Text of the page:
Strategically located at the very center of the cool Mediterranean Sea, the tiny cluster of Maltese islands is the perfect place to relax where there’s plenty of sun all year round, with sandy beaches stretching miles along the coastline and many historical places and structures to discover. This archipelago is found on the southern part of Europe and consists of 18 islands, out of which only the three main islands are inhabited: Malta, Gozo and Comino. Throughout time, the country has witnessed the past glories of powerful kingdoms and their struggle over the dominion of its shores. Come and visit Mediterranean’s sparkling jewels and indulge in the simple luxuries of the vibrant scenery of Malta.
St. Peter’s Pool
If you’re looking for a good swim, then you can jump right in! A little trip to the south and a lot of luck, you’ve discovered one of the hidden gems of Malta, the St. Peter’s Pool. There’s no sand here, just flat rocks naturally cut to form a small inlet partly enclosing the clear, blue waters of the Mediterranean Sea. You can start sunbathing on the smooth rocks or you can dive in and start snorkeling underwater. Its name comes from a historical narrative wherein the pool was said to be the place where St. Peter baptized many Christians when he visited Malta, generally practicing the faith of Roman Catholicism.
Even Comino, the smallest of the archipelago’s three main islands have something to fun and relaxing to offer. The Blue Lagoon is a bay with its crystal clear waters ideal for swimming, diving, snorkeling, windsurfing, water skiing and other water sports. Or if you want a good tan, the white sand on its shorelines is great place to recline and unwind. To complete the charming scene of the Blue Lagoon are huge rock formations carved and good for hiking to those who’d rather stay out of the water and watch the beauty of the lagoon from afar.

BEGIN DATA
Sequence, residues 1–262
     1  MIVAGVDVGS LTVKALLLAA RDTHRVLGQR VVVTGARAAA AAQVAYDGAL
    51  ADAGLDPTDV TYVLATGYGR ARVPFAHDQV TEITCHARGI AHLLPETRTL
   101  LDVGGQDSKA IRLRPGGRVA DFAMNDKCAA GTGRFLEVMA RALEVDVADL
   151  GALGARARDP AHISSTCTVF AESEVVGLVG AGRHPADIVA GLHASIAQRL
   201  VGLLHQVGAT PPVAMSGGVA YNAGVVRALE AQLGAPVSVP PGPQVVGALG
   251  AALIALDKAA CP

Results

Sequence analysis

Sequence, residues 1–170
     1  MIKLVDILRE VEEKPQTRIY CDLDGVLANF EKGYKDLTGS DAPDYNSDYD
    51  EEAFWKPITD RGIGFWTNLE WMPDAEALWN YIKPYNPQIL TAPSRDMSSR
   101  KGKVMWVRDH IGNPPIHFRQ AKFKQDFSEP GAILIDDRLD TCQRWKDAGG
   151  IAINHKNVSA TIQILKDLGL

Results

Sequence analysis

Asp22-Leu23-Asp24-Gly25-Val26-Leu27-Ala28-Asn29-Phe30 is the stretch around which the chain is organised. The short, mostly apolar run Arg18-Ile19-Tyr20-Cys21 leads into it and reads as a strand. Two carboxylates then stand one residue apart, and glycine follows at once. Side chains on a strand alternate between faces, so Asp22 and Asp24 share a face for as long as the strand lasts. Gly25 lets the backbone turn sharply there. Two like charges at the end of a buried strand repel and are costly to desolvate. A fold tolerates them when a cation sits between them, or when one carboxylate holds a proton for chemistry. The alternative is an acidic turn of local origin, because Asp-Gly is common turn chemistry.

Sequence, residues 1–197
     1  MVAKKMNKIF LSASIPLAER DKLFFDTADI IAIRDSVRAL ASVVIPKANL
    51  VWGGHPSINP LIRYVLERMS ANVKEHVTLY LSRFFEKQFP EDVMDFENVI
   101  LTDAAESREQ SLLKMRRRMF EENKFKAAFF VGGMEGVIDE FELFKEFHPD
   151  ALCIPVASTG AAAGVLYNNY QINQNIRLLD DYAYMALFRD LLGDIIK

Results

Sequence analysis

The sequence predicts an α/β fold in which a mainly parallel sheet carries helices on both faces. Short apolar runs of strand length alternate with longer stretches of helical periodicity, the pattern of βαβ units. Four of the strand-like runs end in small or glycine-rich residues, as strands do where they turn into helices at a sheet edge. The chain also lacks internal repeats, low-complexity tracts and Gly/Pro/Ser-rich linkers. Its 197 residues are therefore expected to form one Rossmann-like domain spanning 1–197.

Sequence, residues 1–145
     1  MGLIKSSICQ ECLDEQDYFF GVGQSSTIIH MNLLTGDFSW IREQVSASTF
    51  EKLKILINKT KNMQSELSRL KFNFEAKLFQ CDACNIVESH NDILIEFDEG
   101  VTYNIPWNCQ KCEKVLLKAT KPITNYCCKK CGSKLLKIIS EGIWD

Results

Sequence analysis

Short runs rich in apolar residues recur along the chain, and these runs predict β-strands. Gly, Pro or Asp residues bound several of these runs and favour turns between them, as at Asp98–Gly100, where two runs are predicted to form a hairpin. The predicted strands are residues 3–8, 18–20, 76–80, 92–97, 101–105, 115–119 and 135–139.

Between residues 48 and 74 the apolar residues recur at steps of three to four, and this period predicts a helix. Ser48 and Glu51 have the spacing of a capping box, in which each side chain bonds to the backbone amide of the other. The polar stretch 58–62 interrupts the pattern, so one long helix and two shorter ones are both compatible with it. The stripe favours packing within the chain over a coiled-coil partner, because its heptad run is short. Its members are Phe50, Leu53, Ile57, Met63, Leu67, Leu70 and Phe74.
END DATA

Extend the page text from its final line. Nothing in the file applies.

Head West of Malta and visit the small village of Dingli that sits on a plateau. The Dingli Cliffs, when seen from the sea, offers itself as a majestic fortress and a watchtower. Historically, The Crusader Knight’s used the cliff as a natural stronghold as it overlooks the Mediterranean Sea. From the cliff’s view, even Fiflia, one of the uninhabited islands can also be seen. Take a peaceful stroll around Dingli and you’ll discover lush vegetation and gardens and experience simple village life among the friendly locals. After a calming stroll, go back to the cliff and watch the sun set over the sapphire sea.
The second largest island of Malta, Gozo, has its own treasure hidden underground in the village of Xaghra just near a small church. Ninu’s underground cave made of limestone is filled with odd yet abundant formations of semitransparent stalactites and stalagmites columns brought about by years of de-calcification. There are even helictite formations on the walls of the cave. Ninu’s Cave is only one of the numerous remarkable caves of the archipelago of Malta.
What makes Malta quite special are the complex, underground caverns it contains or sea cave. One can explore these caverns, magnificently carved and hollowed in time by the surging deep waters, by means of boats. Blue Grotto is the largest and most popular out of six interconnected caves that form this natural architecture. Because of the crystal clarity of the water, the right strike of sunlight can reveal much underwater vegetation and if you look above, you’ll see dazzling colors reflected against the walls and ceilings of the cave giving life to these cluster of hollowed rocks.